Third Quarter Loss Comes in at $4.4 Billion in Fiscal 2014 for BlackBerry


There is no denying that BlackBerry is going through a rough patch. I do realize that saying it like that is quite an understatement, however there has been quite a bit going on at that company. It has been less than a year since Research in Motion (RIM) officially changed its name to BlackBerry. It has been almost 11 months since BlackBerry skipped versions 8 and 9 of its operating system and jumped to the new BlackBerry 10.

You will notice that I left out the word “improved” in that description. That could be one of the things that has attributed to the fact that as we reach the third quarter for fiscal 2014 that BlackBerry continues to lose money.

In September, I told you that BlackBerry’s Q2 fiscal 2014 results showed a $965 million loss. Of course this was also the time that potentially the company was up for sale, so that could have had some influence over the situation. The third quarter unfortunately appears to be much worse with the net loss recorded at $4.4 billion. This relates to a net loss of $8.37 per share.

So what can account for this? According to BlackBerry, there was a $2.7 billion charge on long-lived assets, a $1.6 billion write down on inventory (which interestingly enough was BlackBerry’s earnings in Q2), and $266 million in charges related to the massive restructuring that it has been going through.

Now if you remove what can be considered “one time charges” BlackBerry is posting a net loss of $354 million. This is still better when compared to the $965 million in the second quarter. On the revenue side, the company books list $1.2 billion. This is also down from Q2’s $1.6 billion.

Continuing on the financial side, it does look like BlackBerry’s cash reserve has increased to $3.2 billion, up from $2.6 billion last quarter. Now, we do have to keep in mind that at the beginning of November BlackBerry received a $1 billion investment from a group of investors led by Fairfax Financial.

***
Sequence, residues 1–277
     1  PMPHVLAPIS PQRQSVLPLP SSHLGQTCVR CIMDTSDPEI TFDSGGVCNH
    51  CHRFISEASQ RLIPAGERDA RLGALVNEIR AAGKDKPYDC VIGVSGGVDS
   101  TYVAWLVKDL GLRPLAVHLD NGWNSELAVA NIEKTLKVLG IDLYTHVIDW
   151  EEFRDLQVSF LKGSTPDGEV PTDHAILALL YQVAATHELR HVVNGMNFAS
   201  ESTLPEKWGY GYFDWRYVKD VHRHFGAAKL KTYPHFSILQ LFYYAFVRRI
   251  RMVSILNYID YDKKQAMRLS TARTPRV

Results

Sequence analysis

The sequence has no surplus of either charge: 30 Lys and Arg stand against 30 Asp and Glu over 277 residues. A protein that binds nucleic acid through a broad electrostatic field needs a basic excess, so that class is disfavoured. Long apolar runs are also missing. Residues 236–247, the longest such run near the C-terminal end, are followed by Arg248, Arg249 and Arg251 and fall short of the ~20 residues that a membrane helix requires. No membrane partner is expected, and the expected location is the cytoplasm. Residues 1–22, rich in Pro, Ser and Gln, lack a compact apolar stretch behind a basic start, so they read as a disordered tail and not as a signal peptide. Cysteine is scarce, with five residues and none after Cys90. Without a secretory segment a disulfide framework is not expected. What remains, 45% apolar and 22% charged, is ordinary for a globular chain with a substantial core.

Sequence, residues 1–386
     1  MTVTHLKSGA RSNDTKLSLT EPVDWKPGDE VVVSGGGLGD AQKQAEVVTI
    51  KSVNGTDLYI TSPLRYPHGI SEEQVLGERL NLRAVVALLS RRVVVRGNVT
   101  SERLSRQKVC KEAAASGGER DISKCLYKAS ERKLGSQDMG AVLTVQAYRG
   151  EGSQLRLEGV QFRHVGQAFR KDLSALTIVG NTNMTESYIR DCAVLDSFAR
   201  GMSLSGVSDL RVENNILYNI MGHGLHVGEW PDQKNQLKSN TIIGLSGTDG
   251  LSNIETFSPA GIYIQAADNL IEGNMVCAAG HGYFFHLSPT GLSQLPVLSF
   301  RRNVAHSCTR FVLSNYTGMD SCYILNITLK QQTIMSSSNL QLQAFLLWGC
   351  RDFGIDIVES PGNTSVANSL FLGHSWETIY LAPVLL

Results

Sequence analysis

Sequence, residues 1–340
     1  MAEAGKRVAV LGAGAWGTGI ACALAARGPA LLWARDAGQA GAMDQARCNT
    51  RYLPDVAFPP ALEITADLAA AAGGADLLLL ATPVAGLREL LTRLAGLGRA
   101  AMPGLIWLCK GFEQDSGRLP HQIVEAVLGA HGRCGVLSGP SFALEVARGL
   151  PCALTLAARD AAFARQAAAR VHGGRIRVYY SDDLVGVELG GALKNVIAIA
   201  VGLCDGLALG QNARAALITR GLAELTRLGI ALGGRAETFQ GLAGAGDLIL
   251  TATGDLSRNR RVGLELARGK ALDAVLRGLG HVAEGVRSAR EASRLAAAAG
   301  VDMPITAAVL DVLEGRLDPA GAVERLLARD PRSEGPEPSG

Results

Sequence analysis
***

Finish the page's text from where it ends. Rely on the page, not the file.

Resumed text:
A lot has been going on over at BlackBerry since the early November. John Chen took over as interim CEO and he has been cleaning house. A healthy chunk of BlackBerry’s executive ranks have been let go. There have been many changes, with a lot more to come. So you can see that rather than being focused on revenue, the company is intently focused on restructuring in an attempt to open the revenue stream.

Some of the other possible changes are having another company manufacturing BlackBerry devices. In a statement, John Chen said, "The most immediate challenge for the company is how to transition the devices operations to a more profitable business model."

With that in mind, it was announced today that BlackBerry is entering in to a five year partnership with Foxconn. You may remember it as the Taiwanese company that assembles devices for Apple. Foxconn will jointly develop and manufacture certain new BlackBerry devices and manage the inventory of them in its many factories in China.

Since the beginning of the summer, I have been telling people that I felt that BlackBerry was shying away from its smartphones in favor of BlackBerry Enterprise Server (BES) 10. It is good to know that my precognitive abilities haven’t failed me. In talking about BlackBerry, Chen said that it is putting more emphasis on BlackBerry’s software business than its hardware business.

When you look at the fact that of the 3.7 million smartphones sold in Q2, most of them were the older OS 7 models. I have to say that I received one of the first Z10 smartphones. While I was very excited about the new device, I was disappointed in the operating system.

There were a lot of things that I grew to love in version 7 that were very noticeably missing in BlackBerry 10. They were basic functions that should have been included in the new OS. In the course of following months there were various updates. Unfortunately, most of these updates did not give me the functionality that I used to have.

Be that as it may, the news today is that BlackBerry continues to show a loss. One of the areas that it hopes to make some gains is software. Its BlackBerry Messenger for iOS and Android software continued to make inroads.

It has clocked 40 million new registrants over the last 60 days. Over a dozen OEMs, including LG, have committed to preloading BBM onto their devices. BBM Channels, its enterprise social media platform, is now home to over 250,000 channels.

We can see that there is still some potential for BlackBerry. It does appear that the company is going to continue to make major changes under the interim CEO leadership of John Chen, but only time will tell. However, shares of BlackBerry fell 7.2 percent, or 45 cents, down to $5.80 in today’s premarket trading.

Edited by Cassandra Tucker

TechZone360 Contributing Writer

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